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Diabet Med. 2018 Jul;35(7):887-894. doi: 10.1111/dme.13630. Epub 2018 May 10.

One-stop microvascular screening service: an effective model for the early detection of diabetic peripheral neuropathy and the high-risk foot.

Author information

1
Department of Podiatry Services, Sheffield Teaching Hospitals NHS Foundation Trust, Sheffield, UK.
2
Department of Diabetes, Sheffield Teaching Hospitals NHS Foundation Trust, Sheffield, UK.
3
Department of Oncology and Human Metabolism, University of Sheffield, Sheffield, UK.

Abstract

AIMS:

To evaluate the feasibility of a one-stop microvascular screening service for the early diagnosis of diabetic distal symmetrical polyneuropathy, painful distal symmetrical polyneuropathy and the at-risk diabetic foot.

METHODS:

People with diabetes attending retinal screening in hospital and community settings had their feet examined by a podiatrist. Assessment included: Toronto Clinical Neuropathy Score evaluation; a 10-g monofilament test; and two validated, objective and quick measures of neuropathy obtained using the point-of-care devices 'DPN-Check', a hand-held device that measures sural nerve conduction velocity and amplitude, and 'Sudoscan', a device that measures sudomotor function. The diagnostic utility of these devices was assessed against the Toronto Clinical Neuropathy Score as the 'gold standard'.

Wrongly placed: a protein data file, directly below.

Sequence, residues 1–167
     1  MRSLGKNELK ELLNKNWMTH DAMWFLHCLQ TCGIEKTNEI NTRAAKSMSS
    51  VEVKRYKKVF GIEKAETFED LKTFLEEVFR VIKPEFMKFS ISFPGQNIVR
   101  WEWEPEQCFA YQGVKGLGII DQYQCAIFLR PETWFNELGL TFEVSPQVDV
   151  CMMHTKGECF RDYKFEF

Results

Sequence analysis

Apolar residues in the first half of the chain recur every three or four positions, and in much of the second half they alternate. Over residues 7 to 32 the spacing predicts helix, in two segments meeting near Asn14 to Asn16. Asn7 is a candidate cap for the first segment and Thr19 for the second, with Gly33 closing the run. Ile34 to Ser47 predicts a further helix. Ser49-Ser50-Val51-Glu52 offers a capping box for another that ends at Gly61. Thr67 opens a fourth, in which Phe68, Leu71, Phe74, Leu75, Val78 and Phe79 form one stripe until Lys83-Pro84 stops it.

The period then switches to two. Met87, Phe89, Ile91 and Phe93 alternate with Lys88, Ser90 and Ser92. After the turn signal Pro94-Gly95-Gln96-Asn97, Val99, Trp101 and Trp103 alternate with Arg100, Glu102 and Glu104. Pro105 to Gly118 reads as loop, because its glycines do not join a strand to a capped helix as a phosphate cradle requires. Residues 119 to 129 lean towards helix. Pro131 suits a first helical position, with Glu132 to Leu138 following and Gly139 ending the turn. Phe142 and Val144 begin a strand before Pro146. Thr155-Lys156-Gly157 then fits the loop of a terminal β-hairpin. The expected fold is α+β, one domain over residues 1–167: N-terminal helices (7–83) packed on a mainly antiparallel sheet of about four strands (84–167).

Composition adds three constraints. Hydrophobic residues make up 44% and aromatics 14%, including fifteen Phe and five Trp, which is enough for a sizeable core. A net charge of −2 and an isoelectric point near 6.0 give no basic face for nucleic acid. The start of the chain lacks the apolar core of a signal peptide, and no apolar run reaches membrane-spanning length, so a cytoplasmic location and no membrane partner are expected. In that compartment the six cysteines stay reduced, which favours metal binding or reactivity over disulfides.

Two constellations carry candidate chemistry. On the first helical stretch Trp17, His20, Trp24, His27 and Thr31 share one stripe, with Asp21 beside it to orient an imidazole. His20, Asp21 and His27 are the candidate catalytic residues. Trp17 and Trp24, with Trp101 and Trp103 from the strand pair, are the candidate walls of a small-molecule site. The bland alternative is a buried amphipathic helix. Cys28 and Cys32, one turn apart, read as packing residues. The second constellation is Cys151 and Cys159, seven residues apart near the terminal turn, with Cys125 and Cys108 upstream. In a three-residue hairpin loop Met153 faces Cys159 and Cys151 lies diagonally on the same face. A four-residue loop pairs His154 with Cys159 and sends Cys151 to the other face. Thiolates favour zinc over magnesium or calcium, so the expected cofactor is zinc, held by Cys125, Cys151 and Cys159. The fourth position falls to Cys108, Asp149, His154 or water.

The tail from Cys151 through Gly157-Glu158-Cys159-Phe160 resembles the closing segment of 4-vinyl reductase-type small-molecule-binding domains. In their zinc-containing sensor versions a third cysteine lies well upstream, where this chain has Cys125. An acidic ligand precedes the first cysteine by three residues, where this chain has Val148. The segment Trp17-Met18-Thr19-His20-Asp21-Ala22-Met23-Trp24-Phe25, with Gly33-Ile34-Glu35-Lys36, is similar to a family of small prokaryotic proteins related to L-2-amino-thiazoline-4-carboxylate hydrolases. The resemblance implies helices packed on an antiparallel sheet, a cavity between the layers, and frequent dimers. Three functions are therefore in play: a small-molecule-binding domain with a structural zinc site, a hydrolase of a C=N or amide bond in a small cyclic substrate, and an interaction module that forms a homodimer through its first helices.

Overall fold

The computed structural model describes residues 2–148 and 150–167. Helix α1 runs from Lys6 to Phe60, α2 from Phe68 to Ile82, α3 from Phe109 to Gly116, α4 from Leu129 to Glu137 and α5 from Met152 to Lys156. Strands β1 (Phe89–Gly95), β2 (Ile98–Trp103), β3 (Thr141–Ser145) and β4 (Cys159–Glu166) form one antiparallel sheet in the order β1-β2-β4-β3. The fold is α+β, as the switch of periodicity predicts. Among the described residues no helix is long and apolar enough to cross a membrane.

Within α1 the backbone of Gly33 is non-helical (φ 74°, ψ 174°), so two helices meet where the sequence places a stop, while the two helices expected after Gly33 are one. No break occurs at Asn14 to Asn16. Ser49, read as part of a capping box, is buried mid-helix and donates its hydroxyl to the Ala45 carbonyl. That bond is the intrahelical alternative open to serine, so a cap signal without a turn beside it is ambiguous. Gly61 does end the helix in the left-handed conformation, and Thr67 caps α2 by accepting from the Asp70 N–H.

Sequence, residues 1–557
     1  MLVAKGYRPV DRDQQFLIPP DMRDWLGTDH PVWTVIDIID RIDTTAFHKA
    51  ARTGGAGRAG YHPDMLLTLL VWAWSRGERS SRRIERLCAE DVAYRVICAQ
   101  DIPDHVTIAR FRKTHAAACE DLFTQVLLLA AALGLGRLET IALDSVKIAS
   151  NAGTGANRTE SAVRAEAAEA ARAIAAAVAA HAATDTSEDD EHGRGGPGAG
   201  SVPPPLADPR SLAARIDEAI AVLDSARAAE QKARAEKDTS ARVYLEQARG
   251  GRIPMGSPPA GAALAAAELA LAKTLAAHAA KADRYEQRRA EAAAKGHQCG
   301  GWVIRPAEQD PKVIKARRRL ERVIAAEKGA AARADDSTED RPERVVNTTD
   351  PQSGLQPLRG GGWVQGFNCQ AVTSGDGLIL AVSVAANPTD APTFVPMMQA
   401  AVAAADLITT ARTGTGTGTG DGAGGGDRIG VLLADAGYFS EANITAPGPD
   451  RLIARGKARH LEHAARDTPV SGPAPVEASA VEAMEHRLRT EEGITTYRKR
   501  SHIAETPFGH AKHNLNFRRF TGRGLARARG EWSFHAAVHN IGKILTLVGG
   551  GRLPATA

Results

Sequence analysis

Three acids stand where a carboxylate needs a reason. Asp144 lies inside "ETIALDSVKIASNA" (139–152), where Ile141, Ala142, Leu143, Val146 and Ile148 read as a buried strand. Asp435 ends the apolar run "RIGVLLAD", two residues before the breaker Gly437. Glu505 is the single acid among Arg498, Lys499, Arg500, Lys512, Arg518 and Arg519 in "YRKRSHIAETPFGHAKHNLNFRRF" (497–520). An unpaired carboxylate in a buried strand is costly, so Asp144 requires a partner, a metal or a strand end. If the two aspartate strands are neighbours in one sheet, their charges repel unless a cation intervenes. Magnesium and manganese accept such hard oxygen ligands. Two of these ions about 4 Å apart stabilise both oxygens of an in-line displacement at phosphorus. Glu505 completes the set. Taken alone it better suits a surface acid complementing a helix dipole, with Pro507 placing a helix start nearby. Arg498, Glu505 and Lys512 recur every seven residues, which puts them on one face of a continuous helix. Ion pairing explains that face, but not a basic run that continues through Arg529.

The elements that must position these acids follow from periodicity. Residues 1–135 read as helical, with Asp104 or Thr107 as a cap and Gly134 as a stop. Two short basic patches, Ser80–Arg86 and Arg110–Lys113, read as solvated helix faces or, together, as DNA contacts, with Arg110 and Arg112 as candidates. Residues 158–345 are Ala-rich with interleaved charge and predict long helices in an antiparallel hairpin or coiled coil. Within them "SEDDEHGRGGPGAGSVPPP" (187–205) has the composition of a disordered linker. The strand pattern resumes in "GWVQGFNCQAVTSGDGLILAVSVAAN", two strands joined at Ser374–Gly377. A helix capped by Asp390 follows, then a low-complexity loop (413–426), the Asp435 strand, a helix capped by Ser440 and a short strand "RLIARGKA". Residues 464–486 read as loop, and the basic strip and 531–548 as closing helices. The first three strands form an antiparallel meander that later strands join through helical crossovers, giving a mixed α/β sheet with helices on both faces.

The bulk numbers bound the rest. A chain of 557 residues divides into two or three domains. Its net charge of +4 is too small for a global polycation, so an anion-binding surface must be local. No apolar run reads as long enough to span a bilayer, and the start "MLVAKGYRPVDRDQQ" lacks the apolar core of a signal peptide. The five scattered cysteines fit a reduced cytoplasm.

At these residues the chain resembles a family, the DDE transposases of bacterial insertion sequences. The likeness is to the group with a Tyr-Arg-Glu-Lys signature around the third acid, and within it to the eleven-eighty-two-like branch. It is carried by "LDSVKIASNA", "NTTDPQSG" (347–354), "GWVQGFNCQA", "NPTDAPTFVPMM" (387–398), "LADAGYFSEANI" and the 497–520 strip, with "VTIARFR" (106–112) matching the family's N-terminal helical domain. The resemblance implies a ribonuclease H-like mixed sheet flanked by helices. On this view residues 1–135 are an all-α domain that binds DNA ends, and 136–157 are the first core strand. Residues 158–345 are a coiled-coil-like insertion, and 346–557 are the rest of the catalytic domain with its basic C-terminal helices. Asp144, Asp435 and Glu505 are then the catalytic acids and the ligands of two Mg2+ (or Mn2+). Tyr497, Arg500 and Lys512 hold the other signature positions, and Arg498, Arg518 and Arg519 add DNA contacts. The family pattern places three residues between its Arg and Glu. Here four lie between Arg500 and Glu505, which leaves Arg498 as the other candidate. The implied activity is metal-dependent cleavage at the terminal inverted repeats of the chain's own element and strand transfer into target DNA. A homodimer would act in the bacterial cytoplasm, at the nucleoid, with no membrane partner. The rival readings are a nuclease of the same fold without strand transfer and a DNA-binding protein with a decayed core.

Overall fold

RESULTS:

A total of 236 consecutive people attending the retinal screening service, 18.9% of whom had never previously had their feet examined, were evaluated. The prevalence of distal symmetrical polyneuropathy, assessed using the Toronto Clinical Neuropathy Score, was 30.9%, and was underestimated by 10-g monofilament test (14.4%). The prevalence of distal symmetrical polyneuropathy using DPN-check was 51.5% (84.3% sensitivity, 68.3% specificity), 38.2% using Sudoscan foot electrochemical skin conductance (77.4% sensitivity, 68.3% specificity), and 61.9% using abnormality in either of the results (93.2% sensitivity, 52.8% specificity). The results of both devices correlated with Toronto Clinical Neuropathy Score (P<0.001). A new diagnosis of painful distal symmetrical polyneuropathy was made in 59 participants (25%), and 56.6% had moderate- or high-risk foot. Participants rated the service very highly.

CONCLUSIONS:

Combined, eye, foot and renal screening is feasible, has a high uptake, reduces clinic visits, and identifies painful distal symmetrical polyneuropathy and the at-risk foot. Combined large- and small-nerve-fibre assessment using non-invasive, quantitative and quick point-of-care devices may be an effective model for the early diagnosis of distal symmetrical polyneuropathy.

PMID:
29608799
PMCID:
PMC6033008
DOI:
10.1111/dme.13630
[Indexed for MEDLINE]
Free PMC Article

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